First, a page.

INDIANAPOLIS – The Raiders built most of their offensive line through free agency. Donald Penn, Kelechi Osemele, Rodney Hudson and Marshall Newhouse were all acquired that way, with Gabe Jackson the only starting home-grown product.
The line has a strong reputation after years of success, one that took a hit during 2017's offensive downturn.
New head coach Jon Gruden pointed out a weak spot, on the right flank.
"We had some inconsistency at right tackle," Gruden said at the NFL Scouting Combine. "(Marshall Newhouse) had his moments where he played well, and moments where he obviously struggled."
The Raiders will want to shore that up. They also need a long-term solution at left tackle, given Donald Penn's in the twilight of his career.
Present and future problems could be solved in this NFL draft. General manager Reggie McKenzie has tried to draft and develop lower rated prospects – David Sharpe and Jylan Ware are currently on the roster – but has not selected and offensive lineman in the first two rounds since Menelik Watson in 2013 and hasn't picked one before the fourth since 2014.
The Raiders could buck that trend this year, especially if they believe a player can help immediately on the right and transition to left tackle after Penn's done.
Raiders fans wouldn't be thrilled with an offensive tackle in the first round – they'd need to trade down from pick No. 9/10 to get appropriate value – considering the team's stark defensive deficiencies, but it's a prospect that must be considered.
Finding a sure thing at a premium position like offensive tackle generally takes a high pick. There are a few worthy of such a selection. Notre Dame's Mike McGlinchey, Oklahoma's Orlando Brown or Texas' Connor Williams are ranked highest in this class. The Raiders are interviewing several offensive tackles at the combine, including some top prospects, a league source said Thursday.
Draft analysts favors McGlinchey, but has confidence all three could be primetime players.
"The reason I have him as the No. 1 tackle in the draft, and by the way, I believe very much that those other tackles -- Orlando Brown, Connor Williams -- are in the same category as players, but I love two things about Mike McGlinchey," Mayock said in a conference call. "I love that he got coached by Harry Hiestand at Notre Dame, which tells me when he comes out, he's going to be ready to play. I don't care if you put him at right tackle or left tackle, he's going to be ready to play. And, number two, his work ethic and passion for the game of football is unparalleled. So I know what I'm getting with that kid, and that's why I bang the table for him."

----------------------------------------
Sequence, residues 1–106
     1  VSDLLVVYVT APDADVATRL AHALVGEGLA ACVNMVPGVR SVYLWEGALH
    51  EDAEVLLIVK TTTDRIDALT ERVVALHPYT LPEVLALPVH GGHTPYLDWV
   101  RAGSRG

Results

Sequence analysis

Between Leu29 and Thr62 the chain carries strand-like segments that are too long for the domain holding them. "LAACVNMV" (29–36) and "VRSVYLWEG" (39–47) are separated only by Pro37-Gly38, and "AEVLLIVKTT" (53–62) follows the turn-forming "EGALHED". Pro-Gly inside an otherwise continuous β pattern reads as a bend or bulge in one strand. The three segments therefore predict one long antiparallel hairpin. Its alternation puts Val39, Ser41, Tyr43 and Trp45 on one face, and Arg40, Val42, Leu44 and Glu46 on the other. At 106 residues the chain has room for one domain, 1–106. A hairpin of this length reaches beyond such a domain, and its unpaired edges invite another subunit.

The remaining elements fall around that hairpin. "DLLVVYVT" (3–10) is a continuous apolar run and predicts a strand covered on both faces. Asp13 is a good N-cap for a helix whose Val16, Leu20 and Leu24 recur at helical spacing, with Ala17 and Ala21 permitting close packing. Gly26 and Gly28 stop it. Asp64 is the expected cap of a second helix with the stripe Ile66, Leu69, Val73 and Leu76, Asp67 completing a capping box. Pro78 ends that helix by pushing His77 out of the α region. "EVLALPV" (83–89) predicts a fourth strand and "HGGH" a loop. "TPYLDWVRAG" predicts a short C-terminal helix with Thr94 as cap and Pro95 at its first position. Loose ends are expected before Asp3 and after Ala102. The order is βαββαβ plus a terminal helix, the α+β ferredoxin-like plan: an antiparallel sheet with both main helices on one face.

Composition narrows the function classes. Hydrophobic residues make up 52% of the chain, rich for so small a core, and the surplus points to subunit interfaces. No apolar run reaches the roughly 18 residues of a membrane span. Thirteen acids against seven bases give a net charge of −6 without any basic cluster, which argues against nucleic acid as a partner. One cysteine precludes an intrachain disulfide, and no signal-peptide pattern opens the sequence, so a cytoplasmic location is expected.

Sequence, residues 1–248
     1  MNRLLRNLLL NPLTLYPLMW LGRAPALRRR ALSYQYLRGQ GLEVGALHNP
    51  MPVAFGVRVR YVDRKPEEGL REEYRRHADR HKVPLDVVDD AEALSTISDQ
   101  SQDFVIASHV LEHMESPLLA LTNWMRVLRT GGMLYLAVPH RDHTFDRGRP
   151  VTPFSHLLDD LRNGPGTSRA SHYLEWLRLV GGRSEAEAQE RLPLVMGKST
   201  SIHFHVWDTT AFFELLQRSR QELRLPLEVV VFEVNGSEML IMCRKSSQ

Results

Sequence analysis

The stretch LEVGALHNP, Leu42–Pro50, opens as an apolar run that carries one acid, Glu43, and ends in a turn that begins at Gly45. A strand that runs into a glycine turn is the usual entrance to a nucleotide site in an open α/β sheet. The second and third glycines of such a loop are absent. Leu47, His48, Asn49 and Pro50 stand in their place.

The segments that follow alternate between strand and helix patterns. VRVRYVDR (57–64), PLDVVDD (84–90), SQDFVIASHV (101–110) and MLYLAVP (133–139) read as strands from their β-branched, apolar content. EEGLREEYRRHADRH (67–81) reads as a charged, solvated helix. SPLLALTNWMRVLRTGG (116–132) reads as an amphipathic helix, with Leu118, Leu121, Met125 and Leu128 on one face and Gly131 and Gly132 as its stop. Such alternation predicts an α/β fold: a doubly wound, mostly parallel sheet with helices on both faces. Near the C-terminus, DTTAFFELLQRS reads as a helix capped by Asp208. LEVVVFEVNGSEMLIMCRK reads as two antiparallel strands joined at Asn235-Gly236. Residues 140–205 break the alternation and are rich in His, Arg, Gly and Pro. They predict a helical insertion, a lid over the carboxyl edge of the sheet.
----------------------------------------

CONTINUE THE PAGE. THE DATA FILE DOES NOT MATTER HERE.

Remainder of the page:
Each guy believes their the best tackle in this draft class, and each guy has different strengths and weaknesses. Raiders scouts will take information from the combine and add it to game-tape evaluations compiled over the past year to rank these prospects. If one is considered a sure thing and worthy of a high draft slot, they could fortify a line that already stands as the Raiders offensive foundation.
Gruden loves his interior line, with Osemele, Hudson and Jackson from left to right on the interior. The outside is more of a question mark.
Mayock stood up for McGlinchey. Williams believes he has assets that could help right away, with traits a powerful line would enjoy.
"I believe I instill my will," Williams said Thursday. "I'm a finisher and I go to the whistle and at the same time, balance that with athleticism and 100 percent effort and you get somewhere with it."
Brown thinks his pedigree – his father Claude played in the NFL – will help at the next level.
"My football IQ is one of the best in the country," Brown said. "That's my biggest asset. I understand the game, the NFL, these schemes and what's expected of me. I'm a good learner and a guy who understands an NFL job won't be given. It has to be taken."